# House Robber Problems

**Translator**: cooker

**Author**: labuladong

I find that this series of problems are highly praised. They are representative and skillful dynamic planning problems. Today I will introduce an generalized method to solve all of these problems.

House robber series includes three problems. The difficulty design is very reasonable and progressive. The first (house robber) is a standard dynamic programming problem.

The second (house robber ii) include incorporates the condition of a circular array.

The third (house robber iii) is quite amazing which combines the bottom-up and top-down solutions of dynamic programming with a binary tree. If you haven't done it, I highly recommend this series of problems.

## House Robber I

The problem is easy to understand and the characteristics of dynamic programming are quite obvious. We have summarized the [Dynamic programming Detailed Explanation] before, **the key points to solve the dynamic programming problem is to find [state] and [choice]**.

Imagine that you are this professional robber. You walk through this row of houses from left to right. There are two **choices** in front of each house: `rob`

or `not rob`

.

`rob`

: If you rob this house, then you **definitely** can't rob the adjacent houses, you can only start the next rob from the house after next.

`not rob`

: If you don't rob this house, then you can walk to the next house and continue making choices.

When you walked past the last house, you don't have to rob. The money you could rob is obviously 0 (**base case**).

The above logic is very simple. In fact, the **state** and **choice** have been clearly defined: **The index of the house in front of you is the ****state****, and rob or not rob is **

.**choice**

In these two choices, you need to choose a larger result each time. You end up with the most money you can rob:

Thieves have multiple choices to go to this position. Wouldn't it be a waste of time if they entered recursion every time? So there are overlapping sub-problems that can be optimized with memos:

This is the top-down dynamic programming solution. We can also modify it slightly and write the **bottom-up** solution:

We also found that the state transition is only related to the two recent states of `dp [i]`

, so it can be further optimized to reduce the space complexity to O(1).

The above process has been explained in detail in [Dynamic programming Detailed Explanation]. I believe that everyone can catch it. I think the next problem is more interesting, and we need to make some clever changes based on our current thinking.

## House Robber II

This question is basically the same as the first description. The robber still cannot rob adjacent houses. The input is still an array, but these houses are not in a row but arranged in a **circle**.

In other words, the first house and the last house are also adjacent and cannot be robbed at the same time. For example, if the input array `nums = [2,3,2]`

, the result returned by the algorithm should be 3 instead of 4, because the beginning and end cann't be robbed at the same time.

It seems that this constraint should not be difficult to solve. We mentioned a solution for circular arrays in [a monotonic stack solve Next Greater Number]. So how to deal with this problem?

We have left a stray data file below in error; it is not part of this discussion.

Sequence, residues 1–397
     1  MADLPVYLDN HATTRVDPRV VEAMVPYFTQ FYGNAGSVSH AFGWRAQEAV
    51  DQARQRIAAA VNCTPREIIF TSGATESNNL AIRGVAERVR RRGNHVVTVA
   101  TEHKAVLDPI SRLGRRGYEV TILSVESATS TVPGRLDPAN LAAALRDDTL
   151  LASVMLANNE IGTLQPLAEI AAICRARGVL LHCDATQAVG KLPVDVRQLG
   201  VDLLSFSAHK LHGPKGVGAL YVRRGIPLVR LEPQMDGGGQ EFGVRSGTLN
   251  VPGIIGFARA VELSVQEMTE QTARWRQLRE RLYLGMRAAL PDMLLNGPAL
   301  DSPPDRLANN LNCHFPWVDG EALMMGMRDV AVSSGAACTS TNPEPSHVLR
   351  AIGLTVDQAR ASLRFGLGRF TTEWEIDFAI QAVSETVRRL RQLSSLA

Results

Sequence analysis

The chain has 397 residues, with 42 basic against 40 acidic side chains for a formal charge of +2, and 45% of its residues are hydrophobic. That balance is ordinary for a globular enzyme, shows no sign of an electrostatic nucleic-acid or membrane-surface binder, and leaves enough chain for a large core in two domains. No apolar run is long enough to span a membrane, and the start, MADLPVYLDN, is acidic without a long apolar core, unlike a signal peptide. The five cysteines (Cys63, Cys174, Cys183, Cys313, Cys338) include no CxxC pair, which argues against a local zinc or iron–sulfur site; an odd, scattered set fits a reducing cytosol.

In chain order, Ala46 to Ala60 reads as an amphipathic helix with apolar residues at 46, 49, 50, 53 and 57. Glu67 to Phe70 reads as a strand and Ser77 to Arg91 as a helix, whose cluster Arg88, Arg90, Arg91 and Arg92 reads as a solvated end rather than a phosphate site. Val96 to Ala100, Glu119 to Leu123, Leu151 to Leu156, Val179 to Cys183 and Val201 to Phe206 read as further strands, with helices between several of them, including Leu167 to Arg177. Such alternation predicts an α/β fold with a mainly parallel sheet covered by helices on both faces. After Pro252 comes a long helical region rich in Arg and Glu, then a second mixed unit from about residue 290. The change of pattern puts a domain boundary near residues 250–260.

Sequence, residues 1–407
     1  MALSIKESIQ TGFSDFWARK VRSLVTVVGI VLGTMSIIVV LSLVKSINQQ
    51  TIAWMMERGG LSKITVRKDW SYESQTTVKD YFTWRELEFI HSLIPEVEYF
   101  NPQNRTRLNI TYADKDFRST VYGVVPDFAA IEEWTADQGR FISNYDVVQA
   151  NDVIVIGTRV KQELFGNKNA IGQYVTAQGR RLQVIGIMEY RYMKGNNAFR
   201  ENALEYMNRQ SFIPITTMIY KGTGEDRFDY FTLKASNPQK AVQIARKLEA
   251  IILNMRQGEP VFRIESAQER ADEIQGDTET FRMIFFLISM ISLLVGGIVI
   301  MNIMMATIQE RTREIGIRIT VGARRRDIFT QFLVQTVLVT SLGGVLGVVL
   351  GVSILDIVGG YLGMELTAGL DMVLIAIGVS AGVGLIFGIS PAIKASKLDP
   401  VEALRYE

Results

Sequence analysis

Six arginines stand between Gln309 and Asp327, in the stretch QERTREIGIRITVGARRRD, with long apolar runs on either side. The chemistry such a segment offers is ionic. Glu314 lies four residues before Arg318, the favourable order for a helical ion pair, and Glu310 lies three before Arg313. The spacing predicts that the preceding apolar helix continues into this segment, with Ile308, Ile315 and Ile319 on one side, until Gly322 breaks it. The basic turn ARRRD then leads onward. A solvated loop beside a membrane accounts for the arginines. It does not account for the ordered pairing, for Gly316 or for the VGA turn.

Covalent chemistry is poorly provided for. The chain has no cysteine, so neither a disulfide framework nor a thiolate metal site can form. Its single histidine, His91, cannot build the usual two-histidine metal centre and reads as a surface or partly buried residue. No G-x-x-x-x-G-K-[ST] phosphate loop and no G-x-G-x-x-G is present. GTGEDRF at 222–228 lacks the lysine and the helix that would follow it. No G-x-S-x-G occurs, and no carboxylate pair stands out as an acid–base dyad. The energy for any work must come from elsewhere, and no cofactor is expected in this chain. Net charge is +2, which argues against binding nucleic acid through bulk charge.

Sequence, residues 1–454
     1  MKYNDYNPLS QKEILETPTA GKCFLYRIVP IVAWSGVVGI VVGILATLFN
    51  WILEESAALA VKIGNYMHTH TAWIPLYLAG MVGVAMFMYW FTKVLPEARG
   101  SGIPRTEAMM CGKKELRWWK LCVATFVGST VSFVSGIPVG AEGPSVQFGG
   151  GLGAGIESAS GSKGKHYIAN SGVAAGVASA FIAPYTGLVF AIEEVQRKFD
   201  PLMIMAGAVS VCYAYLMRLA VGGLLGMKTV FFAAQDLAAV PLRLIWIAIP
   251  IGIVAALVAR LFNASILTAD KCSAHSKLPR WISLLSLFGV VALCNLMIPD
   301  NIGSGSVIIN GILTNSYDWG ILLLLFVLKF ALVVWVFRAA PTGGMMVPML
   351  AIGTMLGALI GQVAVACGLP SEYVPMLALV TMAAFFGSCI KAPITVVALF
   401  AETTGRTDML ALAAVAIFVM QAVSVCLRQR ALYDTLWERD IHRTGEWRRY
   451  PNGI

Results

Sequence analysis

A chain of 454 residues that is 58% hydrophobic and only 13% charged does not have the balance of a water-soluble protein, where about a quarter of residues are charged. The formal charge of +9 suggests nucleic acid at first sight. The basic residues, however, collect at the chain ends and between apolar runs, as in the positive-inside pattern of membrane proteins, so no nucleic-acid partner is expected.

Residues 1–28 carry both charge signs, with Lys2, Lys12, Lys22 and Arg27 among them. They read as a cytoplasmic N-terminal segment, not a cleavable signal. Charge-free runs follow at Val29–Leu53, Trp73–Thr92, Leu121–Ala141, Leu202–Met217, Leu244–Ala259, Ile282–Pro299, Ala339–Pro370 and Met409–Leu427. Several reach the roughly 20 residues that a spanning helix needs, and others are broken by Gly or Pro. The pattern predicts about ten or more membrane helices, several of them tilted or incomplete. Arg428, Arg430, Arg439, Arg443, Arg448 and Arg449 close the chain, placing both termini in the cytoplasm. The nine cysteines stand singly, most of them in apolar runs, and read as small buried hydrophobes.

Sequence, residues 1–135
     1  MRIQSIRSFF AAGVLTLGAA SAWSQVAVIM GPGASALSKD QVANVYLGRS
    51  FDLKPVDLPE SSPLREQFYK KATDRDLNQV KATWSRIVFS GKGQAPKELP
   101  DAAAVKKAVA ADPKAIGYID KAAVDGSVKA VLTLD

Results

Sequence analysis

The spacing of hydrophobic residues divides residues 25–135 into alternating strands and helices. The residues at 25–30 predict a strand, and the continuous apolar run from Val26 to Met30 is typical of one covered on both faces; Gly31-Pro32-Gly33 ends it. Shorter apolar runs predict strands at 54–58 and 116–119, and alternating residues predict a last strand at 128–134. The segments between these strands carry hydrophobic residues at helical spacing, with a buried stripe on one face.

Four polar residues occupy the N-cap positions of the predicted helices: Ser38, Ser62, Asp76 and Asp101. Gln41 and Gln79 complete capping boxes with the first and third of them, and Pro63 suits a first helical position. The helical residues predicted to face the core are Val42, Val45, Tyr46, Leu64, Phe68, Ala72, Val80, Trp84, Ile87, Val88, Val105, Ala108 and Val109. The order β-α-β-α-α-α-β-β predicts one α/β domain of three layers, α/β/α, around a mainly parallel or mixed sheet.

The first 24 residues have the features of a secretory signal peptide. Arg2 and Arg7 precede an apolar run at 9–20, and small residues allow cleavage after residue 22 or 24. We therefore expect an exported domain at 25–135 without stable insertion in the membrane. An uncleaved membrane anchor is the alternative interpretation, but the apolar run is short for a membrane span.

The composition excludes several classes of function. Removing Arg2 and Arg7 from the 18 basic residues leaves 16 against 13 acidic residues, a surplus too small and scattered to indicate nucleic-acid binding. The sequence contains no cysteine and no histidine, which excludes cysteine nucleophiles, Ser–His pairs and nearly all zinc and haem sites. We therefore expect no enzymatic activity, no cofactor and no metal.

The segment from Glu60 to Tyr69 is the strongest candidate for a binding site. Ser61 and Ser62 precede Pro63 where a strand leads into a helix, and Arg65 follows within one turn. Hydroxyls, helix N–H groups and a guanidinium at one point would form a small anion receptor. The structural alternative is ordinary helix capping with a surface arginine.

First of all, the first and last rooms cannot be robbed at the same time, then there are only three possible situations: case I, either they are not robbed; case II the first house is robbed and the last one is not robbed; case III, the first house is not robbed and the last one is robbed;

That's easy. The solution is the maximum of these three cases. However, in fact, we don't need to compare three cases, just compare case II and case III. **Because these two cases have more room to choose than the case I, the money in the house is non-negative. So the optimal decision result is certainly not small if we have more choice**.

So just modify the previous solution slightly:

At this point, the second problem has also been solved.

## House Robber III

The overall thinking hasn't changed at all, we need to choose the option of robbing or not robbing, and make choice with higher returns. We can even write the code directly according to this routine:

This problem is solved, the time complexity O (N), `N`

is the number of nodes.

But what makes me think that this problem is clever is that there are more beautiful solutions. For example, here is a solution I saw in the comment:

The time complexity is O (N). The space complexity is only the space required by the recursive function stack, and no extra space is needed for the memo.

His thinking is different from ours. He has modified the definition of recursive functions and slightly modified his thinking so that the logic is self-consistent, he still gets the correct answer, and the code is more beautiful. This is a characteristic of the dynamic programming problem that we mentioned earlier in [Different Definitions Generate Different Solutions].

In fact, this solution runs much faster than our solution, although the time complexity of the algorithm analysis level is the same. The reason is that this solution does not use additional memos, which reduces the complexity of data operations, so the actual operation efficiency will be faster.

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